When you have an event as high profile as the Olympic Games, you know that politics is going to come into it at some point. When the international community wants to make a point about the actions of a rogue nation, banning that country from competing in the Olympics is a very visible way to do it. And should a country not particularly like whoever is hosting that year, boycotts are a great way to demonstrate disapproval. Below, OpenCanada runs through the biggest boycotts and bans in Olympic history.
The 420 BC Games at Olympia
Sparta was barred from attending the Games at Olympia after it violated the Olympic truce that was meant to protect athletes and spectators from whatever war was happening at the time. According to the historian Thucydides, there was some concern that the very warlike Spartans would force their way in regardless.
The 1908 London Olympics
After Britain refused to grant Ireland its independence, many Irish athletes boycotted the Games in London. Perhaps in a show of solidarity with their freedom-seeking brethren, members of the American team failed to dip their flag to King Edward VII during the opening ceremony.
The 1936 Berlin Olympics
With Nazi Germany hosting, there was serious talk in many countries of boycotting the Games, but ultimately only Spain – then led by the left-wing Popular Front – and the Soviet Union chose not to compete. Spain even went so far as to organize the People’s Olympiad in Barcelona as an alternative to the Olympics, but the event was cancelled just two days before it was scheduled to begin, after the Spanish Civil War broke out.
The 1956 Melbourne Olympics
Different countries stayed away from Australia for different reasons. Egypt, Iraq, and Lebanon boycotted the Games to protest the invasion of Egypt by Israeli, British, and French troops during the Suez Crisis. The Netherlands, Spain, and Switzerland boycotted to protest the Soviet Union’s violent suppression of the Hungarian Revolution. And the People’s Republic of China pulled out because the Republic of China (Taiwan) had been allowed to attend.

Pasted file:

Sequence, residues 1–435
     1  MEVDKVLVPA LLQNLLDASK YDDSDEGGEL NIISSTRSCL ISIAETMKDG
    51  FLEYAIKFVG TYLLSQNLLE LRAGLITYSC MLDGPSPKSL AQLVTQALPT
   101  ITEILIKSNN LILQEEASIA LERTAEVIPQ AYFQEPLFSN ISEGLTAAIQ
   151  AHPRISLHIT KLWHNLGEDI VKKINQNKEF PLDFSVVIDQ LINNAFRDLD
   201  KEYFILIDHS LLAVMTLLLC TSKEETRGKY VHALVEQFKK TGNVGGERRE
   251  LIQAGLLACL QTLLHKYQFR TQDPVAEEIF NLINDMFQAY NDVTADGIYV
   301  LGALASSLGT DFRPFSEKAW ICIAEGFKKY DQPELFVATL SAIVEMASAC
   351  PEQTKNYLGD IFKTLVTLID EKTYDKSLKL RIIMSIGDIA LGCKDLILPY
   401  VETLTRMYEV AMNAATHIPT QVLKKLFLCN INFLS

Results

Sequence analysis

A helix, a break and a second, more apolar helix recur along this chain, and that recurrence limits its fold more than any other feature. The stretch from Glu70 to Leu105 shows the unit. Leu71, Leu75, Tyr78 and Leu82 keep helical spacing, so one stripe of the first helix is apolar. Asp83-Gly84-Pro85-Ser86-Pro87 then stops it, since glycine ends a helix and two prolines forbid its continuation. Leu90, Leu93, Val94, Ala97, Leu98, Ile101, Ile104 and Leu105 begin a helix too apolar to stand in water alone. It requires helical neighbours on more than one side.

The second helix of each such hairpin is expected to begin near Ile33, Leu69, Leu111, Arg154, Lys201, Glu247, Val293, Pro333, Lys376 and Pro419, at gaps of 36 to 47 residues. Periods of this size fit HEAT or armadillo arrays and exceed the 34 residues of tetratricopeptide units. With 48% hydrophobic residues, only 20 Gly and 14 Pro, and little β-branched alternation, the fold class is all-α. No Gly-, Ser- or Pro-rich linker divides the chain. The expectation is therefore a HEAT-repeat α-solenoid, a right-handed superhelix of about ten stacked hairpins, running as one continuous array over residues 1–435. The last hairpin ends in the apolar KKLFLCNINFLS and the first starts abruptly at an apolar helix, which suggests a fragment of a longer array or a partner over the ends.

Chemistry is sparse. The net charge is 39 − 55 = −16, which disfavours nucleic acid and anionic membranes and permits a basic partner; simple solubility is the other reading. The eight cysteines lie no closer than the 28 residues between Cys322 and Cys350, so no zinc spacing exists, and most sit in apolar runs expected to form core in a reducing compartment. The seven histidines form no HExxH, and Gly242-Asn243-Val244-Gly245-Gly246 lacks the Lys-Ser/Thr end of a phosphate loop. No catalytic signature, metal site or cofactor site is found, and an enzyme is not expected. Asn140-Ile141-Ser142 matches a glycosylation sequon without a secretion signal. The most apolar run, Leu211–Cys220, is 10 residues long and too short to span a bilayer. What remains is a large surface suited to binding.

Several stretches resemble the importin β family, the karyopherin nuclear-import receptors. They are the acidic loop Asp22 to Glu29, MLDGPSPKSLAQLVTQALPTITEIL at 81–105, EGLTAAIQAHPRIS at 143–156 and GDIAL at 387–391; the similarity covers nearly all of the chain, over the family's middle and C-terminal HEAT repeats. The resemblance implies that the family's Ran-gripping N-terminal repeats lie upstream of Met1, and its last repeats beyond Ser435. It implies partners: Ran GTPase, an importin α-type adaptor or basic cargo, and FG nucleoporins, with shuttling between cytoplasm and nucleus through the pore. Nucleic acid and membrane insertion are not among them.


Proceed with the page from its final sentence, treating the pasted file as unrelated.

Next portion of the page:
The 1964 Tokyo Olympics
Before the Tokyo Games began, the International Olympic Committee (IOC) gave South Africa a choice: either renounce racial discrimination in sport or be banned from the Olympics. South Africa refused, and the country wasn’t allowed to attend the Olympics again until 1992.
The 1976 Montreal Olympics
When the IOC failed to bar New Zealand from the Montreal Games as punishment for the Kiwi national rugby team’s tour of apartheid South Africa, more than 20 African countries boycotted the Games.
The 1980 Moscow Olympics
The 1979 Soviet Invasion of Afghanistan prompted then-U.S.-president Jimmy Carter to pull the American team out of the Moscow Games. More than 60 other countries followed the American lead, leaving only 81 participating countries. The Soviet team went on to win an impressive 195 medals.
The 1984 Los Angeles Olympics
Perhaps unsurprisingly, the Soviet Union and 14 of its Eastern Bloc allies (with the exception of Romania) decided to sit out the Los Angeles Games. The official excuse was security concerns for their athletes. The American team managed 173 medals in their absence (the Romanian team came in second with 53).
The 1988 Seoul Olympics
After North Korea was not recognized as host alongside South Korea, the Democratic People’s Republic of Korea boycotted the Games. It was joined by Ethiopia, Cuba, and Nicaragua.
Research by Ioana Sendroiu